Okay, I admit it’s not all that easy, but I have a couple of friends that make it look easy. They have been eBaying for almost a decade and for them eBay is a really nice living income. I asked them some of the secrets to their prosperity and they were happy to share the story of their success with me.
They treat it like it’s a real job. I think this is the most important part of their process to share too. In many respects, it truly is a real job and if you want to be as successful as they have been, you must treat it like one. When they are asked what they do for a living they don’t just say they sell stuff on eBay, they tell people they’re in sales, because they are. They set aside times in their busy schedules for several different duties involved in putting up an auction item on eBay. They treat this time like you would treat any regular job. They take breaks, but rarely take personal phone calls while they are entering the data for their sales. Some days they put in eight hours just getting the items up on their site for sale. On a good day, they can list up to fifty items for auction.
But there’s more to it than just entering the items.
They have props.
They invested profits back into their eBay businesses by purchasing store mannequins they can drape and hang their clothing items on to photograph. They also have studio quality backdrops for their pictures, giving the look and feel of their auctions a more professional appeal. Each of them spend the time necessary to create and edit the pictures they use in the auctions.
They give attention to the clothing they’re selling. If it needs a stitch or two repair job, they do it. They replace missing buttons and wax ornery zippers. They also remove any minor stains. If a stain is too stubborn to be removed, they won’t post the item for auction. The items are ironed, or steamed, before being hung properly on a hanger or on the mannequin and photographed.
Each item is also measured. The sleeves, inseams, waist, shoulders, length, width and girth are all measured, recorded and added to each auction. This way the customer can check to make sure the item will fit them properly, before they place a bid.
The whole eBay idea got started when one of them had their first child. She had received a bounty of extra baby clothing. She decided to sell them on eBay and was surprised, not only by her success, but by how easy the whole process was. Since then she has parlayed her crackerjack work ethic into an eBay site that features upscale clothing that is flawless.
Where do these items come from?
These ladies shop! How much fun could that be? Okay, it’s sort of fun, but there is a whole lot of expertise involved. They branch out to the numerous secondhand stores in the area for new items. I’m sure they keep a record of which stores are shopped and when, and also how lucrative the purchases were. That would make a lot of sense and save them valuable time and gas money. Once inside the store, they meticulously scour each and every rack and gather items they think might sell. Over the years a list of designer names that tend to sell very well has been generated and they use this as a guideline. If they come across an item that looks high-end, but they haven’t heard of the designer before, they Google it and do their research before purchasing it. One of my friends just has a real knack for knowing what will sell, and what won’t.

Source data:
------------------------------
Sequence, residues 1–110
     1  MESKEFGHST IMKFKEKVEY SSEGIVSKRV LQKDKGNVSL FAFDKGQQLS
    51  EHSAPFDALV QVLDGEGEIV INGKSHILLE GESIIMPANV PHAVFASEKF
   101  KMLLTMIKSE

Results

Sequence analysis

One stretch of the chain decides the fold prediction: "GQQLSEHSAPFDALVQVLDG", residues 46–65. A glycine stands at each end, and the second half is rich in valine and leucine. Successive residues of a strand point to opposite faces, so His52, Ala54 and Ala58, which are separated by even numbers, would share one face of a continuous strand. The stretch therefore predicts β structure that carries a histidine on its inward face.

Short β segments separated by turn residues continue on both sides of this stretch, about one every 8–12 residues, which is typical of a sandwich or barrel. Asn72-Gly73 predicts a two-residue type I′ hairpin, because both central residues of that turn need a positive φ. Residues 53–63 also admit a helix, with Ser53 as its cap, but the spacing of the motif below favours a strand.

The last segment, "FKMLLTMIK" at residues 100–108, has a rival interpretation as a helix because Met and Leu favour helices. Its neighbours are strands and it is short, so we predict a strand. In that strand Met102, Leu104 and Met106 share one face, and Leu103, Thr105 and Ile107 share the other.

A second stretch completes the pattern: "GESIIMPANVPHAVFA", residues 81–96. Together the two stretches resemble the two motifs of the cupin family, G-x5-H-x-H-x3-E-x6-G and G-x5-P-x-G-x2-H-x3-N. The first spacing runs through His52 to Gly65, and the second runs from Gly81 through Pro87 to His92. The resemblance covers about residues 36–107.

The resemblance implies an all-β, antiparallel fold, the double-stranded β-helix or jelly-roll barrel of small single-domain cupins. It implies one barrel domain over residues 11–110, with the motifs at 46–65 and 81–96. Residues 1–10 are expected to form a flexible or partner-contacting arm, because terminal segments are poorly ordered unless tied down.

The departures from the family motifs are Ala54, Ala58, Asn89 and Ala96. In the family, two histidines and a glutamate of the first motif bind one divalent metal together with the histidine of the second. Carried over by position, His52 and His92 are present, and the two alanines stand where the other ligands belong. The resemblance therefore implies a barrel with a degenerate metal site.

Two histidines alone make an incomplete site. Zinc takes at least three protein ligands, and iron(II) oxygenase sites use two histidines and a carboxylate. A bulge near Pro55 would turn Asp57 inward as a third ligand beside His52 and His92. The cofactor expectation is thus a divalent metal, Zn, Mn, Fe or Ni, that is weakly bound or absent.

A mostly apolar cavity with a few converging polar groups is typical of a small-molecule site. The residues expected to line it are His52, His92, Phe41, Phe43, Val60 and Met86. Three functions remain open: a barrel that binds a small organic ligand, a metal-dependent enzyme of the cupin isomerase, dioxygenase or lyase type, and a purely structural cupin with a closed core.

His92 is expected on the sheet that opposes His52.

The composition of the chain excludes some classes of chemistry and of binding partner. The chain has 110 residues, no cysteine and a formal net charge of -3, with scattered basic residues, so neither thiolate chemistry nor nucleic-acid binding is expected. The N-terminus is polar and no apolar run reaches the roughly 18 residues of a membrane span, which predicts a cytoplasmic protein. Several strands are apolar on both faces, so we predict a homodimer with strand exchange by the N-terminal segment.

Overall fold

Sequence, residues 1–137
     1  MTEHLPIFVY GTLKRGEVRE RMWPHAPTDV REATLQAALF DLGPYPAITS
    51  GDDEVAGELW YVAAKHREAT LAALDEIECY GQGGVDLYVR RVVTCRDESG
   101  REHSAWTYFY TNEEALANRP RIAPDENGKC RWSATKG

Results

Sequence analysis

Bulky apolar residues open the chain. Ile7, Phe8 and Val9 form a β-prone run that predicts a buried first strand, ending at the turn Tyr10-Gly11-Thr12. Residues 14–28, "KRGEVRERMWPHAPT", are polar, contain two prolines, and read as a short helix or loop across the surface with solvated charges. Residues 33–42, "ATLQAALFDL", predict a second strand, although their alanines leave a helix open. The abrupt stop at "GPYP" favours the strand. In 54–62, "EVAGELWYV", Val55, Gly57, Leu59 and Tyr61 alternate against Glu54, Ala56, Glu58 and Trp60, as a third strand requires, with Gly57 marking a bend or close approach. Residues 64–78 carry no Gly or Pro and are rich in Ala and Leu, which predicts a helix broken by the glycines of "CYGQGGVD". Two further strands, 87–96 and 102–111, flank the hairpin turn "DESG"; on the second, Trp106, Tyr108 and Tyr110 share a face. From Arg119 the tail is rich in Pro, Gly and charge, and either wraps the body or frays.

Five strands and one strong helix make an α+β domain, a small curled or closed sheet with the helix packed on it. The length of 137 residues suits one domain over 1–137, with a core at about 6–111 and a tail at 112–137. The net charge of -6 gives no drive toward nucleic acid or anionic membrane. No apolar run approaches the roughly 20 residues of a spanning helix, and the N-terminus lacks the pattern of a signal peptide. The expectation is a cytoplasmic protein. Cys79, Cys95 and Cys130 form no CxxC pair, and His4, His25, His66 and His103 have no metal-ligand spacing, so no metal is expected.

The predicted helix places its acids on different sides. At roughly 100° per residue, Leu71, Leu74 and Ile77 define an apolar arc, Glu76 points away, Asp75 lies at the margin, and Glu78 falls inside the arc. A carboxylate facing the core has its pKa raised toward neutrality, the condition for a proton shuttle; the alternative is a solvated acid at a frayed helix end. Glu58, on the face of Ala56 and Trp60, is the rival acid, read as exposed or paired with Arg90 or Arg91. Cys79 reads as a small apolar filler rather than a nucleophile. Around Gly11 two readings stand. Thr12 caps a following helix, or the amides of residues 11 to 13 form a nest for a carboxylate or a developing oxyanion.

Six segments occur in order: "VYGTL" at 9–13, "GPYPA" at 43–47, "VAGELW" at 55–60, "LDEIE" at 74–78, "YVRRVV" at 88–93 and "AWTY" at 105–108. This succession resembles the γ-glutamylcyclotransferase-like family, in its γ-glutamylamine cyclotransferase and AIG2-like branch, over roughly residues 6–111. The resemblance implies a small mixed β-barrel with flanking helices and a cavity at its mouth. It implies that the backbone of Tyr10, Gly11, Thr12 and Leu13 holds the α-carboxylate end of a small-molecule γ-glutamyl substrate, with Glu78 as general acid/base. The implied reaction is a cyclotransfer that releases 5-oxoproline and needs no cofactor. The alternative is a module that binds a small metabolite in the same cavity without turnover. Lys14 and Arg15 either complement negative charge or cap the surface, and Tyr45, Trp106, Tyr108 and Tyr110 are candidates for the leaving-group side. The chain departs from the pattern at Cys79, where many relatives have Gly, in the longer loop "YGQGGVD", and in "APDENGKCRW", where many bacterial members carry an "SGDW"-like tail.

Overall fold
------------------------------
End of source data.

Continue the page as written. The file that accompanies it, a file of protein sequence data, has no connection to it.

Every purchased item is checked thoroughly before going to the cashier, and then checked out again once they get home. The items are cleaned, repaired and straightened, inventoried and then recorded, so they can keep track of their profits.
Once it’s cleaned, hung, and had it’s close up, it’s time to say something eye-catching about it. For most people this will be the hardest part of the entire development. What in the world can you say about a dress? That’s where they are savviest! They do their homework in reading other ads and auctions that are about the same thing they are trying to sell. They make their lead-ins captivating. You want to go and look at their stuff because it looks legitimate! Their auctions are also complete, like I said, with measurements, close-up pictures so you can see the fabric and details about the whole enchilada!
But how do they price things?
Usually they price everything for 99 cents and allow the eBay customers to battle it out in bids. An experienced eBayer knows what something is worth. If they aren’t using the 99 cents starting bid, they might price items at $19.99. Keep in mind their eBay site is frequented by buyers because they’ve been doing this for a very long time. If this is not something you would feel comfortable doing, eBay will now give you a suggested starting price you can use.
When an item has passed through the whole process of getting it up and online for sale, you have to consider shipping. They don’t take this lightly either. They realized it made sense to purchase plastic envelopes, tape and some cardboard boxes, in bulk. They use a postal scale to weigh each item and the customer pays exact weight, including a small charge for the shipping materials. They also “walk” their sold and boxed items in person to the post office, check them in with a clerk and keep a receipt, with tracking, for every single purchase they ship.
Just because you hear the ding, ding, ding of bidders doesn’t mean you can just sit back until the auction closes. Often bidders have questions and you must be prepared to answer them in a timely manner, or lose a possible bid.
So here is a foolproof eBay formula for success:
- Inspect and Inventory
- Repair and clean
- Write good ad copy
- Cash in!
So…not that easy, however when you weigh this against being broke, or constantly perusing the classifieds for jobs you might not be qualified to do, or suffering through job interview after awkward job interview and never getting hired…eBay starts to sound like a lovely idea, doesn’t it?